UPS AND DOWNSLast week started out with the stock market tanking and Republican John McCain assuring us that "the fundamentals of the American economy are strong." Once Team McCain realized that quote made him sound too much like Herbert Hoover, the Arizona senator told the press that by "fundamentals," he meant American workers. The campaign also assured the press that a top aide had merely been joking when he said that McCain had invented the Blackberry.
McCain's slip-ups, combined with the bad economic news, helped Democrat Barack Obama rise in the polls; meanwhile, a $75 billion bailout of insurance giant AIG, followed by a promise of a larger financial-sector bailout of as much as $700 billion (yes, $700 billion!), helped the Dow Jones rebound right back to where it started the week.
While tracking polls showed that Obama picked up some momentum in national polls, most swing states remained neck-and-neck races.
ROCKING THE VOTEScrambleWatch's favorite local troubadours, Calexico, headlined a concert benefiting Democratic Congresswoman Gabrielle Giffords' re-election campaign at the Rialto Theatre on Saturday, Sept. 20, that brought close to 1,200 people downtown for an evening of Latin-spiced rock 'n' roll. The show was the most fun we've ever had at a political fundraiser, although we'd have to concede that we weren't invited to the big hootenanny that Giffords' GOP opponent, state Sen. Tim Bee, threw with President George W. Bush earlier this year.
We caught up with Giffords and her team on a small platform at the back of the balcony during Calexico's show. Why didn't she have better seats? She told us that she'd discovered that some squatters had taken her seats, and she didn't want to have the ushers remove them, because "it could cost me votes."
In conjunction with the concert, Team Giffords unveiled Students for Giffords, a group of college and high school kids who are aiming to get out the local youth vote for Giffords in November.
SIDE EFFECTS MAY INCLUDE ...Could Prop 101, aka the Freedom of Choice in Health Care Act, kill off the Arizona Health Care Cost Containment System? AHCCCS head Tony Rodgers sent out a letter to newspapers warning them that the vague language in the proposition, which is designed to block the state from implementing universal health-care coverage, could also make AHCCCS unconstitutional. Backers of the initiative say Rodgers is wrong.
THE WEEK AHEADMonday, Sept. 29: Candidates for Pima County Attorney--Democrat Barbara LaWall, Republican Brad Roach and Green Claudia Ellquist--will debate on KUAT-TV's Arizona Illustrated at 6:30 p.m. on Channel 6.
Wednesday, Oct. 1: Congresswoman Gabrielle Giffords will join her challenger, state Sen. Tim Bee, for an education forum that will also include legislative and school board candidates, from 6:30 to 8:30 p.m., at the Catalina Foothills High School auditorium, 4300 E. Sunrise Drive.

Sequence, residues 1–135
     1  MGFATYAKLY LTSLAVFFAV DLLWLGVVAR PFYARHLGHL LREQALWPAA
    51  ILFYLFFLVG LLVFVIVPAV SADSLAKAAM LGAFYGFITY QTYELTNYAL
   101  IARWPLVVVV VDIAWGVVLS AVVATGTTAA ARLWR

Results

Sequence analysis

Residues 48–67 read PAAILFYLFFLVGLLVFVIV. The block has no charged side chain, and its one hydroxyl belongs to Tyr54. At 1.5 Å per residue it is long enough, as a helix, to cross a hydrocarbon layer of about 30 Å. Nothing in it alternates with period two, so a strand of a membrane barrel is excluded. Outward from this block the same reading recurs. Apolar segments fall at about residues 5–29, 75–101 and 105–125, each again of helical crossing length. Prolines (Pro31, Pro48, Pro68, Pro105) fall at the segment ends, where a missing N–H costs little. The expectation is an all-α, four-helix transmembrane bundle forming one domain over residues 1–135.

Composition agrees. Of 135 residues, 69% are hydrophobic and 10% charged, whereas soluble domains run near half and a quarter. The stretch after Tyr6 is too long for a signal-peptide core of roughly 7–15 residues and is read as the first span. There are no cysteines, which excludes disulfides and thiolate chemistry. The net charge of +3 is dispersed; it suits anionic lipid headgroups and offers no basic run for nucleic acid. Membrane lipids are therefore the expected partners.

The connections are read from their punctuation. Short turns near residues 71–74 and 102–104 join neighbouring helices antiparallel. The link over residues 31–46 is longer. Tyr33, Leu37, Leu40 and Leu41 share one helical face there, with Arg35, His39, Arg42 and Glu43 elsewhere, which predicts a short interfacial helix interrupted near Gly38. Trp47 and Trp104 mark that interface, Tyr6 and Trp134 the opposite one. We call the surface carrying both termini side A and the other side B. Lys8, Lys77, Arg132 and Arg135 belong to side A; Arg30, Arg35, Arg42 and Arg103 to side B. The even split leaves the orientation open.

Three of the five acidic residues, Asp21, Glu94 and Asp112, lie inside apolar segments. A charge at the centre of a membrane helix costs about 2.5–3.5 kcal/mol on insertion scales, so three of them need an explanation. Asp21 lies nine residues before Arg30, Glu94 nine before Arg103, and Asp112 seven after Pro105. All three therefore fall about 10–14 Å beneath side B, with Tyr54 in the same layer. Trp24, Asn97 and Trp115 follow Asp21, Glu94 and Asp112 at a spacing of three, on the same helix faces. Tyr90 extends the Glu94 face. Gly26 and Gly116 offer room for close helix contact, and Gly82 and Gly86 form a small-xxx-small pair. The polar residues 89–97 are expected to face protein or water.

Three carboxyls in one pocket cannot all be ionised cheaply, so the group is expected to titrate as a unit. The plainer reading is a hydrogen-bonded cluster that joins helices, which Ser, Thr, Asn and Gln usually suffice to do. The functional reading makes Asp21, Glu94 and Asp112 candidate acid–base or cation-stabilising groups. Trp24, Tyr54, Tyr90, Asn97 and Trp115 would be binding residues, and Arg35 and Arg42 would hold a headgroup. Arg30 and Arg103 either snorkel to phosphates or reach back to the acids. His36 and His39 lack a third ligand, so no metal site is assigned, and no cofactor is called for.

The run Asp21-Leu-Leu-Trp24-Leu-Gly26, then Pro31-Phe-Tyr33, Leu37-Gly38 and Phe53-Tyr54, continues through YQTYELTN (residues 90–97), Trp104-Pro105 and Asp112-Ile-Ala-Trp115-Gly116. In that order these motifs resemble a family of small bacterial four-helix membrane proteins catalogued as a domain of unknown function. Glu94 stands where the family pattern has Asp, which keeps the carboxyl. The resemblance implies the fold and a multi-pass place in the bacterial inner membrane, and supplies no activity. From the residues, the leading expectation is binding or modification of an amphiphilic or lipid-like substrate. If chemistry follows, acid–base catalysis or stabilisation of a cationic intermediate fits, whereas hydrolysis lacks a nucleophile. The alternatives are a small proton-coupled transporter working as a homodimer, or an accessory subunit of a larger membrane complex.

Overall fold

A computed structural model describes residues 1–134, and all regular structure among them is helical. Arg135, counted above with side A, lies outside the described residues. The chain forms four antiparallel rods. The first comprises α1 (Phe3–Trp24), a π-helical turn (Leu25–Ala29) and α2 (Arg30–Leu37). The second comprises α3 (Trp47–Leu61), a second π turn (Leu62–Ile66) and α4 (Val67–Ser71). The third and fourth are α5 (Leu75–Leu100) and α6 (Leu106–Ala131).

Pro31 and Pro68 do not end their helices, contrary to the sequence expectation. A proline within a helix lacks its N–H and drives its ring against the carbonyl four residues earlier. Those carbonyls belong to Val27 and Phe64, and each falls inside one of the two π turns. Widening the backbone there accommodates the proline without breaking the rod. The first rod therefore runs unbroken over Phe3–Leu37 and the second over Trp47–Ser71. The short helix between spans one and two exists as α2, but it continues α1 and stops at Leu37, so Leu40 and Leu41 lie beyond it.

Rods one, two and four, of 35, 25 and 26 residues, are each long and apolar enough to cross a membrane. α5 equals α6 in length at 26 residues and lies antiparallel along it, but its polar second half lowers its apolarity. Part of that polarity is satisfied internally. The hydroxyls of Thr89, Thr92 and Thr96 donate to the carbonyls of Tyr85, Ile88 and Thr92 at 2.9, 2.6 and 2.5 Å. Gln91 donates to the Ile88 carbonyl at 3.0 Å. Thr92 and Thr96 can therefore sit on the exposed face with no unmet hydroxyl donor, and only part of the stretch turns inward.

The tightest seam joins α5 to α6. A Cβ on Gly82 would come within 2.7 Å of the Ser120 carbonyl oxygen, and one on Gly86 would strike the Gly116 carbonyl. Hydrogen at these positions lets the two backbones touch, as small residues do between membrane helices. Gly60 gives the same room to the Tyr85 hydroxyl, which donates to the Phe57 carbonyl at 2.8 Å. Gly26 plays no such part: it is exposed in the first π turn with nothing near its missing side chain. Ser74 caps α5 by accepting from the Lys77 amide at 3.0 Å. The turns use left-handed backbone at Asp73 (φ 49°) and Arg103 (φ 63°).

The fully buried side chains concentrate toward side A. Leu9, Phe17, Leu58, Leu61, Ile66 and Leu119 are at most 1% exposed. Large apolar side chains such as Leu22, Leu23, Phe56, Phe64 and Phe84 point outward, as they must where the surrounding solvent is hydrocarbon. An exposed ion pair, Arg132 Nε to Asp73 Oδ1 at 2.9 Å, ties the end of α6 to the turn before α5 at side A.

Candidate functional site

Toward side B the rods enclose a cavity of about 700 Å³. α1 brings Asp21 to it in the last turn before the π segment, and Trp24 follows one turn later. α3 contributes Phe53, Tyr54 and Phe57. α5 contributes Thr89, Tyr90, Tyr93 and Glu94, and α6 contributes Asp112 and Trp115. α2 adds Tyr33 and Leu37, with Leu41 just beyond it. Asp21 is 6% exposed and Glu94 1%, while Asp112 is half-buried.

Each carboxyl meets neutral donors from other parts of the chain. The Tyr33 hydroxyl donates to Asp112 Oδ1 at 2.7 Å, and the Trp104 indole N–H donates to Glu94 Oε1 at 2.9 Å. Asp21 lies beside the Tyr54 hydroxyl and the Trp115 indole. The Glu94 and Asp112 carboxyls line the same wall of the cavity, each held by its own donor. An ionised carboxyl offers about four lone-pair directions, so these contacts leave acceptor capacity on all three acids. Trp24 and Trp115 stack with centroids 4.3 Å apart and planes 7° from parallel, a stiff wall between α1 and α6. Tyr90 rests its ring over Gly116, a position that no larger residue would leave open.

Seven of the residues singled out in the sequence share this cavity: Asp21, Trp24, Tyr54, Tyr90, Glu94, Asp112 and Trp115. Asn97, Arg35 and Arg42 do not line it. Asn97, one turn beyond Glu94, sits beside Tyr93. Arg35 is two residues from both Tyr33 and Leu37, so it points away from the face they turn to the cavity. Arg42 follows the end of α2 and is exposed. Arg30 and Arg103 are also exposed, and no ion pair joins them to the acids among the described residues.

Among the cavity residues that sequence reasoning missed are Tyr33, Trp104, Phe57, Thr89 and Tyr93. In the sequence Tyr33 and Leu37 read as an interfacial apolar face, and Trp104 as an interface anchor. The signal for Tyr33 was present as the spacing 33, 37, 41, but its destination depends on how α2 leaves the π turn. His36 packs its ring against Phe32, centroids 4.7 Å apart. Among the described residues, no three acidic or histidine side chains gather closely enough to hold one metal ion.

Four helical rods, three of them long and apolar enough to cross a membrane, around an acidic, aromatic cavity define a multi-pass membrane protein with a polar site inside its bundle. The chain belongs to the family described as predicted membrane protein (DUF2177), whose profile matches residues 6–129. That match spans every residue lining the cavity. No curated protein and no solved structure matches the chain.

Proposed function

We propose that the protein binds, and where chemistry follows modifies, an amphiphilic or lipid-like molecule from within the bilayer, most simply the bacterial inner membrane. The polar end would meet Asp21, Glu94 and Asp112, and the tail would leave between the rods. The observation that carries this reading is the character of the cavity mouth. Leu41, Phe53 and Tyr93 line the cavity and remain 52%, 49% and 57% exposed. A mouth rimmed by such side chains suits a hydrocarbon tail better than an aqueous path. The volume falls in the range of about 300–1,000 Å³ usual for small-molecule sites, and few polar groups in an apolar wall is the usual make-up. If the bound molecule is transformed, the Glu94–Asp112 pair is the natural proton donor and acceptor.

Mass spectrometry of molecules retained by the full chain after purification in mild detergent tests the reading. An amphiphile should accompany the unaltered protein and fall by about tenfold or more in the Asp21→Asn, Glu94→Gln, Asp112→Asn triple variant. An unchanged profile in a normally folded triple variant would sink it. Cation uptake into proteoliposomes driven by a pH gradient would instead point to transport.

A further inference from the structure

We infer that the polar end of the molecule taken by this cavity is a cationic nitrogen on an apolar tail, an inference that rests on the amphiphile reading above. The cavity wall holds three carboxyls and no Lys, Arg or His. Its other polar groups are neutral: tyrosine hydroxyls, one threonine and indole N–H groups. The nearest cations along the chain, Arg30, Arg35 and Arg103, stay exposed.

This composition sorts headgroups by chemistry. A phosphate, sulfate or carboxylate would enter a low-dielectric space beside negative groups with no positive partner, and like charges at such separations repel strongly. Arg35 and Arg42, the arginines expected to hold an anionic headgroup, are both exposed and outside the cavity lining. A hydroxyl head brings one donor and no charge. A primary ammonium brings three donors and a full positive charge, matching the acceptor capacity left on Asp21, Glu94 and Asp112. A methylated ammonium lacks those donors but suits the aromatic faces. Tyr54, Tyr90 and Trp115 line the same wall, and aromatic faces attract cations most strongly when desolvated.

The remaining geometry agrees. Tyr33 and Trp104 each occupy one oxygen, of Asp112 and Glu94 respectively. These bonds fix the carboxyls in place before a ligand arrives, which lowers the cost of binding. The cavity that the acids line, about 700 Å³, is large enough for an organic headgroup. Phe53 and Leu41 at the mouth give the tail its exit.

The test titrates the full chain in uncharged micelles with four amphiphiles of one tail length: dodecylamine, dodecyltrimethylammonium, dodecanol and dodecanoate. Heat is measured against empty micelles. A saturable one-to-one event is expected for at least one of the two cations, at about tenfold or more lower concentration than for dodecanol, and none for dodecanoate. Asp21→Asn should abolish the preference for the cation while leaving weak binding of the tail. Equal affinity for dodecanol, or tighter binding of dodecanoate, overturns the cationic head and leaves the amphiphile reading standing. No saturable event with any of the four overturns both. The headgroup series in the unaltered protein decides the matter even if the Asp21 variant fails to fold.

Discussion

ScrambleWatch Q&ADistrict 30 House Race
Republicans David Gowan and Frank Antenori are facing Democrat Andrea Dalessandro in the race for two open House seats in Legislative District 30, which includes Tucson's eastside, Green Valley and the Sonoita area. We asked them some questions about taxes.
Do you support the repeal of the state property tax? Yes.
Since it will cost the state $250 million, what should the state cut to make up for the lost revenue? Stop the frivolous spending.
Do you support borrowing for school construction? I'm not a big borrowing fan. No.
Would you support the repeal of the state property tax? That was a tax increase. I would support the permanent repeal.
Since that will cost the state $250 million, how would you make up that lost revenue? ... See, this is the thing: I don't see returning money to people who are paying taxes as spending money. I see that as reducing their tax burden and providing them tax relief.
But you're still bringing in $250 million less to the state than you anticipated. Well, then, why don't you get the governor to cut the 36 percent spending increase since she's been in office? I want to know why we give money from taxpayers to public, nonprofit organizations. I think that is unconstitutional. I think that if you're a charity and you're a nonprofit, you should be funded on your own two feet. You shouldn't be running to the Legislature and local government to fund your nonprofit. That tells me that your nonprofit sucks, and it wouldn't survive on its own, and you have to run to the government to keep it going.
Do you support borrowing for school construction? Absolutely not, because there's a difference between state bonding and local bonding. That is a Ponzi scheme. That is a gimmick where we allow the state to go into debt. That bond is being paid back by the general fund. You're saddling the taxpayers of the next generation with the debt, and that's wrong.
Do you support the repeal of the state property tax? No. I think it would be fiscally irresponsible to do it in a time when we are in such a budget shortfall.
Do you support borrowing for school construction? Yes. To prepare for this race, I've held focus groups with Democrats, Republicans and independents. Every single person that attended my focus group was for financing public schools--long-term financing for long-term assets. I mean, cash is better, but if you don't have it ... . Where I live in Sahuarita, we were scheduled to have our second high school built, and it's not. We may have to go to double-session or year-round. It's going to be a real nightmare. Vail also was on schedule to get a school, and they are not getting one. Borrowing really makes sense, especially when the interest rate is low.